“There is no justification for drug companies to engage in these types of price increases every year that they’re on the market, particularly increases that are so much higher than the price increases for other goods and services,” Purvis said.

For drugs that have been on the market for at least 20 years, the average lifetime price increase was 592%. “In real terms, this could be the difference of thousands of dollars for one person,” Purvis said, forcing patients to make “trade-offs that we often hear about, like being able to put food on the table or being able to pay for gas.”

The drug price inflation doesn’t just affect the Medicare program or the patients who are prescribed those medications. “Higher government spending driven by drug price increases will affect all Americans in the form of higher taxes, cuts to public programs, or both,” the analysis report states.

Where individual patients are concerned, “We know that increased drug prices, if left unchecked, will prompt more older Americans to stop taking those … medications,” Purvis said. “And we know that will lead to poorer health outcomes and higher health care costs in the future.”

David Kreling, a University of Wisconsin School of Pharmacy professor emeritus who has studied the economics of prescription drug inflation, said that the analysis uses valid methods and accurate data. But the true picture of prescription drug costs is complicated by the factors that have been generally beyond the reach of researchers, he told the Wisconsin Examiner.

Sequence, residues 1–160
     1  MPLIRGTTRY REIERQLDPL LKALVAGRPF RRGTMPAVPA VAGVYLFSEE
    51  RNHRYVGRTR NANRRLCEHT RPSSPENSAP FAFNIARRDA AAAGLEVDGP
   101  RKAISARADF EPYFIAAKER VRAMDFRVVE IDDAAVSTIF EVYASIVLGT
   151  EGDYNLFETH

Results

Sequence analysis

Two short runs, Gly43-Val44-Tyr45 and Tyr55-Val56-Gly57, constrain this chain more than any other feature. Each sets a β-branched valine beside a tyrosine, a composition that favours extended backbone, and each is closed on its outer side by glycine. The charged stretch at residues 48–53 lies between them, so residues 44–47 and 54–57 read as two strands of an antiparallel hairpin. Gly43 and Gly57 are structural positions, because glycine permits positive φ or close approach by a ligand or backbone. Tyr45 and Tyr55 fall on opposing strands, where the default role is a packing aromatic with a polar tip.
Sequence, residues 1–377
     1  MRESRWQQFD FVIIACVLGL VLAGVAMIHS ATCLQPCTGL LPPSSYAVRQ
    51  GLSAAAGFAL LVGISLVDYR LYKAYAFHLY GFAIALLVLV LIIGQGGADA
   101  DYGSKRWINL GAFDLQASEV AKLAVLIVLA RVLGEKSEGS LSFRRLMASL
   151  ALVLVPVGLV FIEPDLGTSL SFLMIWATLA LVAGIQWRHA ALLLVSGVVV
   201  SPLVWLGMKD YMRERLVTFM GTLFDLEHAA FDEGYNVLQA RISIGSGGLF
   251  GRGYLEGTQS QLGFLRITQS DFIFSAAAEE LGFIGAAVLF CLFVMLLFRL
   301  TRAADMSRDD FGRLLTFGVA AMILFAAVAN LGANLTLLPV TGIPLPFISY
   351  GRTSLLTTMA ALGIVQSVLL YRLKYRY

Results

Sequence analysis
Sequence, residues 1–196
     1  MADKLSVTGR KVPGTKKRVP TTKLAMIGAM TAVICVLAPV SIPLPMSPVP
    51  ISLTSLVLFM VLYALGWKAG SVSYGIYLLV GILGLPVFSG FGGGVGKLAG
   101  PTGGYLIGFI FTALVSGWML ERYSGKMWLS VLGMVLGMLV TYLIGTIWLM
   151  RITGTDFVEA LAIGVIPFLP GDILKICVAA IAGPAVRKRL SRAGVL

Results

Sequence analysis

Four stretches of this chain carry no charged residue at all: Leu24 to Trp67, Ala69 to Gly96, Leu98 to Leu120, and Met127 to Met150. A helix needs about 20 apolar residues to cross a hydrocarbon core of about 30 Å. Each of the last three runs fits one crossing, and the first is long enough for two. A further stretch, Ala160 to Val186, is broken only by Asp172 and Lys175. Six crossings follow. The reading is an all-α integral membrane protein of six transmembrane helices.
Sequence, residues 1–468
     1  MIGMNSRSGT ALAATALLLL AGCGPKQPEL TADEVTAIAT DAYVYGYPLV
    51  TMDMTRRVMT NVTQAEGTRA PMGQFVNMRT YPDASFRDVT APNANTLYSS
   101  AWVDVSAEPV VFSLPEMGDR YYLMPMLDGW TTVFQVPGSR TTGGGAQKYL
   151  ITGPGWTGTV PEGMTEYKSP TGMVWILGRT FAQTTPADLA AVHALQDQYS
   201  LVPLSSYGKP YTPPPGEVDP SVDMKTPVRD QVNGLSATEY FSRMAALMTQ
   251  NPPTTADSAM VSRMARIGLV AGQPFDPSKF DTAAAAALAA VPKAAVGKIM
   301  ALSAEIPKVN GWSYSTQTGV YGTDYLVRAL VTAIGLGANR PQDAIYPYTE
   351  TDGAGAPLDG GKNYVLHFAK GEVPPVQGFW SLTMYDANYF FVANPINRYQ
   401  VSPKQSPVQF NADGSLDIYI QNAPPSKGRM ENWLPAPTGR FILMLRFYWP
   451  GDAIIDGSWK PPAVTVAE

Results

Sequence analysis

The analysis relies on list prices for drugs, which are publicly available. But medicines are prescribed and paid for against a backdrop of complex deals that health insurance companies negotiate with drug manufacturers.

Insurers will demand rebates on expensive drugs or refuse to cover those prescriptions. That essentially lowers the price of the drug, although by how much isn’t publicly reported.

“The fact that there’s this whole rebate [practice] in the first place is what makes it so difficult to have any true information,” Kreling said. The list price “doesn’t include any of the aftermarket phenomena.”

The need to pay a rebate might also lead a drug company to drive up its list price. From the drug company’s perspective, if the demanded rebate is “half of our list price, that means we’re going to have to have our

    price be twice as high as it would be normally,” he added.

    In addition, Kreling said, while the most expensive drugs account for a major share of what Medicare spends on drugs, those high-priced remedies are a relatively small sliver — perhaps 10% — of the total volume of drugs dispensed to Medicare patients. Much less expensive generic prescription drugs account for most of the medications prescribed.

    Still another complication, he added, is that many of the expensive brand-name medications get the attention of patients and providers because they’re newer and supported by extensive marketing programs.

    When they are compared to older, much cheaper alternatives, however, Kreling said, “whether they’re actually better is sometimes potentially an arguable point.”



    originally published at https%3A%2F%2Fwisconsinexaminer.com%2F2023%2F08%2F18%2Faarp-analysis-find-sharp-lifetime-price-hikes-for-the-most-expensive-drugs%2F by Erik Gunn